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Int J Trichology. 2009 Jul;1(2):134-7. doi: 10.4103/0974-7753.58557.

Videodermoscopy does not enhance diagnosis of scalp contact dermatitis due to topical minoxidil.

Author information

  • 1Department of Dermatology, University of Bologna, Italy.

Abstract

BACKGROUND:

Videodermoscopy (VD) is a noninvasive diagnostic tool that provides useful information for the differential diagnosis of scalp disorders.

OBJECTIVES:

The aim of this study was to investigate if dermoscopy may help the clinician in the diagnosis of contact dermatitis of the scalp.

MATERIALS AND METHODS:

We analyzed the dermoscopic images taken from 7 patients with contact dermatitis due to topical minoxidil, 6 patients complaining of intense scalp itching during treatment with topical minoxidil but with negative patch tests and 19 controls. The following dermoscopic patterns described for scalp diseases were evaluated: Vascular patterns (simple loops, twisted loops and arborizing lines), follicular/perifollicular patterns (yellow dots, empty ostia, white dots, peripilar signs), white scales, yellow scales, follicular plugging, hair diameter diversity, honeycomb pattern and short regrowing hairs. Findings were graded from 0-4, according to severity in 20-fold magnifications. Statistical analysis included univariate analysis and Chi-square test by SPSS version 12.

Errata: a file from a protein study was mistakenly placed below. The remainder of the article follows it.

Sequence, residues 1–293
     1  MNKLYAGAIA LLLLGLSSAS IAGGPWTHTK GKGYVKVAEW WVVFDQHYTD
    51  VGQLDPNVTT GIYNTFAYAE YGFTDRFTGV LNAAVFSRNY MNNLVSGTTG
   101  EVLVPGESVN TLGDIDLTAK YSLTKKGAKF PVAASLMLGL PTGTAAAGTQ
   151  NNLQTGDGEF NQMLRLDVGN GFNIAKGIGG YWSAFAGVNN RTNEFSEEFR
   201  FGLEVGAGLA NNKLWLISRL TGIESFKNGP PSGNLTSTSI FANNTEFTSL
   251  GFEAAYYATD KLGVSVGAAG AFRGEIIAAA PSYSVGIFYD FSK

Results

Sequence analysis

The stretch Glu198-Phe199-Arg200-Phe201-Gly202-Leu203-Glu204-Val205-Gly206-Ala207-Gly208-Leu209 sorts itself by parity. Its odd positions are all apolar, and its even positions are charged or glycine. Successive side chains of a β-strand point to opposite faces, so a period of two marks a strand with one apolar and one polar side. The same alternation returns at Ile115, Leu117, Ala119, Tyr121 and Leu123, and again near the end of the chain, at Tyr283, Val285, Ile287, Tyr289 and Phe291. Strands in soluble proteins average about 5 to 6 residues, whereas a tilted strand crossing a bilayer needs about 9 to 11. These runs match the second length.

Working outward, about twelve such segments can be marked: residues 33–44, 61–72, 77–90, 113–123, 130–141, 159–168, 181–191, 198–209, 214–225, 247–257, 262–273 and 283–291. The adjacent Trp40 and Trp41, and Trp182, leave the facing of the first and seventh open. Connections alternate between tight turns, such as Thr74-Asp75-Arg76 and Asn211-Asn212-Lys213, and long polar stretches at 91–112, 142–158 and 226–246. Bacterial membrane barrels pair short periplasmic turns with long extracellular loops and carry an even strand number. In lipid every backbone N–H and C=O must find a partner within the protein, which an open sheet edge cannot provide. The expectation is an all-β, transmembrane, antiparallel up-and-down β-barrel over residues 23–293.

RESULTS:

There were no statistical differences in the analysis of the vascular patterns and scales between the 3 groups.

CONCLUSIONS:

We were not able to detect dermoscopic features that can help the clinician in distinguishing scalp contact dermatitis due to topical minoxidil from other conditions that cause severe scalp itching. In particular, minoxidil contact dermatitis does not produce increase or alterations in the morphology of the scalp vessels or significant scalp scaling when evaluated with dermoscopy.

KEYWORDS:

Dermoscopic patterns; minoxidil; scalp allergic contact dermatitis; videodermoscopy

PMID:
20927236
[PubMed]
PMCID:
PMC2938576
Free PMC Article
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